Saturday, July 15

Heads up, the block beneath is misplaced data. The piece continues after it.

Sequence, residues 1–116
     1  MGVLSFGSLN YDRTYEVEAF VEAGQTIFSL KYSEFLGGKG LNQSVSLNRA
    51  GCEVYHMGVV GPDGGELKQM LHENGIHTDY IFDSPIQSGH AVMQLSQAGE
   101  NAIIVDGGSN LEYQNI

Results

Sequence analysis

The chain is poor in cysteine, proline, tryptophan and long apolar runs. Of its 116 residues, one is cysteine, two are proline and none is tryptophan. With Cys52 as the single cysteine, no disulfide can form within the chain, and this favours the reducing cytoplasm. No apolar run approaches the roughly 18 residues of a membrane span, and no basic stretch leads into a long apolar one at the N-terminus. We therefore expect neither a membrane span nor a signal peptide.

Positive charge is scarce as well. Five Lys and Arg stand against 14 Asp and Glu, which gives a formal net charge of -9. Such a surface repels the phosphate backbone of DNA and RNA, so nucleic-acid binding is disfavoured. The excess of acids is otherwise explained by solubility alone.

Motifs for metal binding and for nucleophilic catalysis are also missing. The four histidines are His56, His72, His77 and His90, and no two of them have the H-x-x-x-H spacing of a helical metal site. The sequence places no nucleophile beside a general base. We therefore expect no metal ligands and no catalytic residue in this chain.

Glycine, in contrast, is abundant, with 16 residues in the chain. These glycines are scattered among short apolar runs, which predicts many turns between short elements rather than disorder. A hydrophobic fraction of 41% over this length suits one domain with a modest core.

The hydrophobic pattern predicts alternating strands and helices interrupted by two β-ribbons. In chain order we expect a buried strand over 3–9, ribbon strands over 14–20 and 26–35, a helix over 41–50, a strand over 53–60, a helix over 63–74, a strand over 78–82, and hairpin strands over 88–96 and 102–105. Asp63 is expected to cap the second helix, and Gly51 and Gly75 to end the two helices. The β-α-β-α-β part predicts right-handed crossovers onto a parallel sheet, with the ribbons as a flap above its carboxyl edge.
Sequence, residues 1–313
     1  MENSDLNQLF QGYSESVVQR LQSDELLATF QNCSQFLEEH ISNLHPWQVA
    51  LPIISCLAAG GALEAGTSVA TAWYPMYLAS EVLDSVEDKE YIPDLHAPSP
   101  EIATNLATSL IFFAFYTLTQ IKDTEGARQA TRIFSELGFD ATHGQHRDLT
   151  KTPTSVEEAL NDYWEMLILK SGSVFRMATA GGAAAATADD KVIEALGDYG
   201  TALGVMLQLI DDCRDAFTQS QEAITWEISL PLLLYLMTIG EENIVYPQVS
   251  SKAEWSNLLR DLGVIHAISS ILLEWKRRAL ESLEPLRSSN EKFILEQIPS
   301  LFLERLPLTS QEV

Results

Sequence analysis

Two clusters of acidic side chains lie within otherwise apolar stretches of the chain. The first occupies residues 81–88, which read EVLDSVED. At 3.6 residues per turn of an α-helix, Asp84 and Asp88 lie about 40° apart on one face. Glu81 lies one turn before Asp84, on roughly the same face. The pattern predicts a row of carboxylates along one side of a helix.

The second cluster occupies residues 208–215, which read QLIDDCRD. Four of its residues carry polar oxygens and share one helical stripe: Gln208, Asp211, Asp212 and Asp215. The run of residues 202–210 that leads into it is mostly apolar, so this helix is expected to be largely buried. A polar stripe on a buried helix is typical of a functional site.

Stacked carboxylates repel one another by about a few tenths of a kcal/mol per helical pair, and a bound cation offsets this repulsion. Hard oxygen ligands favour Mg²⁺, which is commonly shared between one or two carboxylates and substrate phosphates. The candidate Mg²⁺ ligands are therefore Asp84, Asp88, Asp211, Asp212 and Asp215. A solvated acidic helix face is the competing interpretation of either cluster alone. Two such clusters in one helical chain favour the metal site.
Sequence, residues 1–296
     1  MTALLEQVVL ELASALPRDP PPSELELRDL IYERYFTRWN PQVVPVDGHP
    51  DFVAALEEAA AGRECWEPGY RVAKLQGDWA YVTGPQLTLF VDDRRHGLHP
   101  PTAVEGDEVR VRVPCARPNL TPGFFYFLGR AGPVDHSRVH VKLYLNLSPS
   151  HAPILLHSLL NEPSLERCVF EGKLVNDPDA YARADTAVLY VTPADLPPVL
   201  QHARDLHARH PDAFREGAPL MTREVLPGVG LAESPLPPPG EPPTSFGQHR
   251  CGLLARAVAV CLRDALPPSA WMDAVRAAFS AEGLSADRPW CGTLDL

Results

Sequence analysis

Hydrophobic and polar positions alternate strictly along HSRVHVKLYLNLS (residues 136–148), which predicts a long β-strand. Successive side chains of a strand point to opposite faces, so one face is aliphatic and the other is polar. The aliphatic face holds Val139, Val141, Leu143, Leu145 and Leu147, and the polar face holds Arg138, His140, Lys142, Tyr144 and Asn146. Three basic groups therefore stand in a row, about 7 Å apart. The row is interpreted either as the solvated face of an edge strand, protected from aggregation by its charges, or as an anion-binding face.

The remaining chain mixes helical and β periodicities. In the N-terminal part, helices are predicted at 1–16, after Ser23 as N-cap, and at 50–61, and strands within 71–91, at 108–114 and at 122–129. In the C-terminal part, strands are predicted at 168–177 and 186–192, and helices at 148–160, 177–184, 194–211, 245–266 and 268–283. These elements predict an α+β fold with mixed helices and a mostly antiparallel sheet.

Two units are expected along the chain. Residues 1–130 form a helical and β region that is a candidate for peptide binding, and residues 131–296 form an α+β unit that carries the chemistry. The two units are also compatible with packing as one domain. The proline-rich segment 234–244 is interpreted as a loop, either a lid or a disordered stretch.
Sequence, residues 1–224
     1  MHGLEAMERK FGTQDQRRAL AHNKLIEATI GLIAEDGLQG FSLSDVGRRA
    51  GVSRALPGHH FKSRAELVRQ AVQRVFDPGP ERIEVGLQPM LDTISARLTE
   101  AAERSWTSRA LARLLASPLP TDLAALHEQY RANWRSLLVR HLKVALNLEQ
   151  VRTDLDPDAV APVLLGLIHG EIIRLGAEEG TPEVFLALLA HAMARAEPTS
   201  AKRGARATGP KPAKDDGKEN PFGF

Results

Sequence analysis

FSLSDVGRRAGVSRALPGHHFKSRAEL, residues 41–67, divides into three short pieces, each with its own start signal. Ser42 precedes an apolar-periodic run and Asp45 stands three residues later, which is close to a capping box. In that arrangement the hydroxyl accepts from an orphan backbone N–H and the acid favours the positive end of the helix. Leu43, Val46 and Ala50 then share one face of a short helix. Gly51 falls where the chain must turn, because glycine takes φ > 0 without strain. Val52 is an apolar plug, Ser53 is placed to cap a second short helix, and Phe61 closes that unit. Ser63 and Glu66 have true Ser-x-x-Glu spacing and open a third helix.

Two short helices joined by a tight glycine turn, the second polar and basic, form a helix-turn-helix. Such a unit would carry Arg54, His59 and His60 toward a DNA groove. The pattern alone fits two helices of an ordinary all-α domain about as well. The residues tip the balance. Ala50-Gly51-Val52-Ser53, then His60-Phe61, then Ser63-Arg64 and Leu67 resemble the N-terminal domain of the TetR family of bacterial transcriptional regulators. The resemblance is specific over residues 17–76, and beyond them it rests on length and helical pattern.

“In our faith and service, rest is as important as our work.” Amy Boucher Pye. Daily Bread, 7/8/17. She is talking about physical rest that God ordained, the Sabbath, years of jubilee, etc. I’m glad she connected it with work because they go together. Or maybe I should say they are mutually exclusive. When you are working, you are not resting, and when you are resting, you are not working. God gave the Israelites specific instructions about this before they ever entered the promised land. Ex. 23:10-12. They were to work six days and rest on the seventh. Their slaves and hired hands were to get the same relief. Even the fields were to get rest. After six years of producing crops, they were to lie fallow for the seventh year. The need for rest is illustrated by children who are bundles of energy for hours and suddenly go sound asleep to “charge their batteries.” When in the sleep mode, there is virtually nothing that will wake them. And they revert to irrepressible energy just as quickly. But there’s another element to consider. Gen. 2:2 says that God rested from his work. This is different. I don’t want to underestimate the enormous work God did in creating this universe, but all he did was speak and it was done. I have a hard time thinking that the omnipotent God got tired and needed a break to recuperate. In fact, the Bible reveals that God never “slumbers or sleeps.” Ps. 121:4. And by the way, the word “Sabbath” does not mean “Saturday.” It is an Aramaic word meaning “to cease from work.” The extra “b” in the word is to intensify the force. It is to completely cease from all activity. His “rest” was to stop creating. The job was done. When each part of creation was completed, he pronounced it good. In human terms, that’s saying “I did a good job.” It’s a moment to reflect with a note of satisfaction in a job well done. I said that was from a human standpoint. I doubt if that was the case with God. But my point is that part of the reason for a Sabbath day was to reflect on what God had done. It was a holy day, a day to worship God for his goodness. Although the Israelites might have needed a break from the labor of the previous six days, they didn’t just sit around doing nothing on that day, nor spending the day sleeping—charging their batteries. It was a time to acknowledge God’s goodness and to worship him. It was a time to rejoice. It was a celebration of a benevolent God. It was not a burden, and it was not bondage. But that’s not what the Sabbath was like in Jesus’ day!